The reform efforts inspired by A Nation at Risk in 1983 have a slightly different dynamic. Each successive decade produced policies designed to raise student achievement, but they also tried to fix a perceived weakness of previous policy efforts. Immediately after A Nation at Risk, states instituted minimum competency tests and raised course content and graduation requirements. But many analysts felt these policies focused too much on basic skills. The 1990s featured professional organizations writing national standards and states adopting curriculum standards that included higher-level skills and content, backed by periodic assessments and school accountability systems. Critics considered the assessments too infrequent and the accountability systems more bark than bite. No Child Left Behind was passed and prevailed over most of the 2000s. It mandated annual testing in reading and math for the third through eighth grades and an accountability regime that ratcheted up sanctions on schools falling short. States were allowed to write their own content standards and to decide the level of student performance demonstrating proficiency on student assessments, provided that all students met that level by 2014. By 2009, the goal of 100 percent student proficiency was criticized as a cruel pipedream; a majority of schools in the country were rated as failing and in danger of incurring penalties. Moreover, the states’ standards and assessments were seen as uneven in quality. The time was ripe for a set of shared, grade-by-grade standards in math and ELA. Common Core was born.
When the first draft of the Common Core State Standards was released, I was a senior fellow studying education policy at the Brookings Institution in Washington, DC. A group of us in the policy field would regularly meet for a beer or two on Friday nights. The standards were the big policy topic in Washington at the time. I was repeatedly asked what I thought of them. I would shrug my shoulders and answer something like, “I don’t know; we’ll see how they turn out.” Standards never look the same in schools as they appear on paper. When pressed on whether I had read the standards, I said that I had; when asked to evaluate them strictly in comparison to previous standards on compositional qualities, I replied, “They’re better than most, but not perfect. I’d give them a B or B- as a grade.”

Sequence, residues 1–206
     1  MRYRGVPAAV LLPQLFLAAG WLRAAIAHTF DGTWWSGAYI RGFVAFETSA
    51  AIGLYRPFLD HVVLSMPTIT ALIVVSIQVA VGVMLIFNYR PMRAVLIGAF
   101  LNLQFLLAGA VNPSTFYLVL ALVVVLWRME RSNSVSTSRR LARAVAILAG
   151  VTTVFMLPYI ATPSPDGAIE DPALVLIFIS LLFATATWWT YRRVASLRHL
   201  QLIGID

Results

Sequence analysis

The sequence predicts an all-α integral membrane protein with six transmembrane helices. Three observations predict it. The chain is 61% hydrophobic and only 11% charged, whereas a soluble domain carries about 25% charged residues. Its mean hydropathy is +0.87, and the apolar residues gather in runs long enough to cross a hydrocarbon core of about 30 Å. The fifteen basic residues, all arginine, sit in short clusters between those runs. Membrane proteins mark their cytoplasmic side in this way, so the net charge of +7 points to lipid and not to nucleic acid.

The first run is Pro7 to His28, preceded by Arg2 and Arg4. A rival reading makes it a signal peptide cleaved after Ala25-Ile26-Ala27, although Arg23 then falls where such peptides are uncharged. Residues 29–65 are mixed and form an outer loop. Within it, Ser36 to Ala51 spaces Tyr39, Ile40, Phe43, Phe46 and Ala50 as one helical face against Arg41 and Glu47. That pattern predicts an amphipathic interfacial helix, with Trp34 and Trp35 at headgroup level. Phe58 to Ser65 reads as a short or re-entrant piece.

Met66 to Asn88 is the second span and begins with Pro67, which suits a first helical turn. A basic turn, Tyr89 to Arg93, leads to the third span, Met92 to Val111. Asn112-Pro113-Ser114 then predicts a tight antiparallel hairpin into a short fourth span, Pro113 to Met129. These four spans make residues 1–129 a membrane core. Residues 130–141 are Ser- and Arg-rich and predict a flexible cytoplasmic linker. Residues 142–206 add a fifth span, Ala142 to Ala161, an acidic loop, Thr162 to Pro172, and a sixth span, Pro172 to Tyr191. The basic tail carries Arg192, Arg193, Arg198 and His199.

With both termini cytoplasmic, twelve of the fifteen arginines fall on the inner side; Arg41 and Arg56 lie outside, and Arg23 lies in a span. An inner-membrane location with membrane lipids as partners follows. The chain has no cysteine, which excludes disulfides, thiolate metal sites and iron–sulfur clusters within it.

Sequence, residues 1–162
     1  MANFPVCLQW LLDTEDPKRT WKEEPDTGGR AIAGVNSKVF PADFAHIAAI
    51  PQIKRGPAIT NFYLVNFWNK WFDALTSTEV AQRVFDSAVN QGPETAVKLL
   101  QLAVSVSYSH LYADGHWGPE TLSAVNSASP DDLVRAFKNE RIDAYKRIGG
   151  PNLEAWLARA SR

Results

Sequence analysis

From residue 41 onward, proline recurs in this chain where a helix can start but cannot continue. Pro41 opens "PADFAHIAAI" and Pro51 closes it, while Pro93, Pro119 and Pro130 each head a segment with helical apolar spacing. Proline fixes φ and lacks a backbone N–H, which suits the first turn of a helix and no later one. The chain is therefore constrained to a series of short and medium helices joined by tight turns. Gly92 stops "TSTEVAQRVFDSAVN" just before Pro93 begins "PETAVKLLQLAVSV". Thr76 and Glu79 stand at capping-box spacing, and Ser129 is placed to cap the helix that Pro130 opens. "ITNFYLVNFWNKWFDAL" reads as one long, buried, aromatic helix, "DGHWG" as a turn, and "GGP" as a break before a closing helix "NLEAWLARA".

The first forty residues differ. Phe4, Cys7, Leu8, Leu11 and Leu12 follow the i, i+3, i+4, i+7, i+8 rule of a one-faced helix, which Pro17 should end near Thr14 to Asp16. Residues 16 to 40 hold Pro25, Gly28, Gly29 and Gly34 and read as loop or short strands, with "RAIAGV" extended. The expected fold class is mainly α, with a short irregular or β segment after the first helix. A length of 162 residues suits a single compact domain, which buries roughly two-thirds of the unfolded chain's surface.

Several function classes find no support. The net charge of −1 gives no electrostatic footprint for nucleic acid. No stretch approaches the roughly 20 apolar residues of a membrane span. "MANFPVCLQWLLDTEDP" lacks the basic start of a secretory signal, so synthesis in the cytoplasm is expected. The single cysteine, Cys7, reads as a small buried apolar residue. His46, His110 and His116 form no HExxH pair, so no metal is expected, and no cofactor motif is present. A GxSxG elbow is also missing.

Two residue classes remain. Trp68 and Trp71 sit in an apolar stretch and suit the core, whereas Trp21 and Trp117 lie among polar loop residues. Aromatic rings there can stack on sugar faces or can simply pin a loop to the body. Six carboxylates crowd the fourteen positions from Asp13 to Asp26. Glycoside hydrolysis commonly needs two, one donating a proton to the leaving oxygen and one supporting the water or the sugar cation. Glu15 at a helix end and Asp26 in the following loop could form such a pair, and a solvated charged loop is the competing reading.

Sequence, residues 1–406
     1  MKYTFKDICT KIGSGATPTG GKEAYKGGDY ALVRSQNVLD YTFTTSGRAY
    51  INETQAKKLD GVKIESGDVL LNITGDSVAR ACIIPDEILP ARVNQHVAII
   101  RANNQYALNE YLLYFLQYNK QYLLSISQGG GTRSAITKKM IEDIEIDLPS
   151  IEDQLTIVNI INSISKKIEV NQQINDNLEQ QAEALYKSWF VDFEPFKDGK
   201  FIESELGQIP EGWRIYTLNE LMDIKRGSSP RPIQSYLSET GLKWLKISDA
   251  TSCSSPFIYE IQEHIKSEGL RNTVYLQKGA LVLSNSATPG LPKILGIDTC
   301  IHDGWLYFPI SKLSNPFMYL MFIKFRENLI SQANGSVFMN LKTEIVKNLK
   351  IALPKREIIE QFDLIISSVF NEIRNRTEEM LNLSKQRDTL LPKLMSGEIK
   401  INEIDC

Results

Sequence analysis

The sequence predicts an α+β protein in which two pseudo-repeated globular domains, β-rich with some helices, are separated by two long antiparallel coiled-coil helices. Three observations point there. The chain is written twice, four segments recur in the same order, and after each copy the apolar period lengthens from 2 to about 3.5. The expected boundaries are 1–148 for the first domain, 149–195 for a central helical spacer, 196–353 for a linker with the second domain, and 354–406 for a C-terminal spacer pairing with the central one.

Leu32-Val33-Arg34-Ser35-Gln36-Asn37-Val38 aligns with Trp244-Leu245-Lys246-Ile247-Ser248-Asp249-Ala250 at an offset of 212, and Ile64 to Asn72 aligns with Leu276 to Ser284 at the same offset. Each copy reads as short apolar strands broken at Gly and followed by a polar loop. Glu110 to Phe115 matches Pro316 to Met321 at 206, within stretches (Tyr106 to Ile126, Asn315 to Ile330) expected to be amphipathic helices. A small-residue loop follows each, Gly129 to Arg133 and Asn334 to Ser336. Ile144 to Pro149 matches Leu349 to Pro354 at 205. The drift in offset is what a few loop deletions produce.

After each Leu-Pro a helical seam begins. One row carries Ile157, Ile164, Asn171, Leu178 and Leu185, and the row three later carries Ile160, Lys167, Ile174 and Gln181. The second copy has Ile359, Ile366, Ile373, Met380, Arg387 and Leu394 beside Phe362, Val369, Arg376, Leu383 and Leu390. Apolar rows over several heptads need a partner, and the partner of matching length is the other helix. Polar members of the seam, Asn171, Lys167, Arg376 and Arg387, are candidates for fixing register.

I also would sometimes reply that I thought standards were overrated as an instrument of school reform. Many of my friends were true believers in Common Core, and they would be irked by this observation. They were ready to debate the finer points of the Common Core, perhaps even to concede that a few of the standards were a bit faulty, but they were not going to consider, not for a single second, that the whole project may be a waste of time. To them, the choice was between Common Core and an alternative set of standards, with each state’s current standards as the default. I was a skeptic, not an opponent.
My earliest encounters with standards undoubtedly influenced my skepticism. When I completed my year-and-a-half teacher training program at the end of 1978, I had taken, as an elementary grade teacher candidate, instructional methods courses in math, reading, language arts, science, and history/social studies. California adopted state frameworks in each of these subjects, and they were presented as the backbone of the curriculum that we trainees would be teaching once we entered the classroom. The practice lessons we developed and textbooks we poured over were organized around the frameworks. At the time, California had textbook adoption at the state level. Publishers were given the frameworks so they could produce textbooks reflecting the state’s wishes, and the books were field-tested in hundreds of classrooms for a full year (we called the process pilot testing and the prospective books pilots). The state would gather information from the field tests and adopt a list of approved texts in grades K–8 (high school texts were adopted by districts). Districts would pick books from the approved list.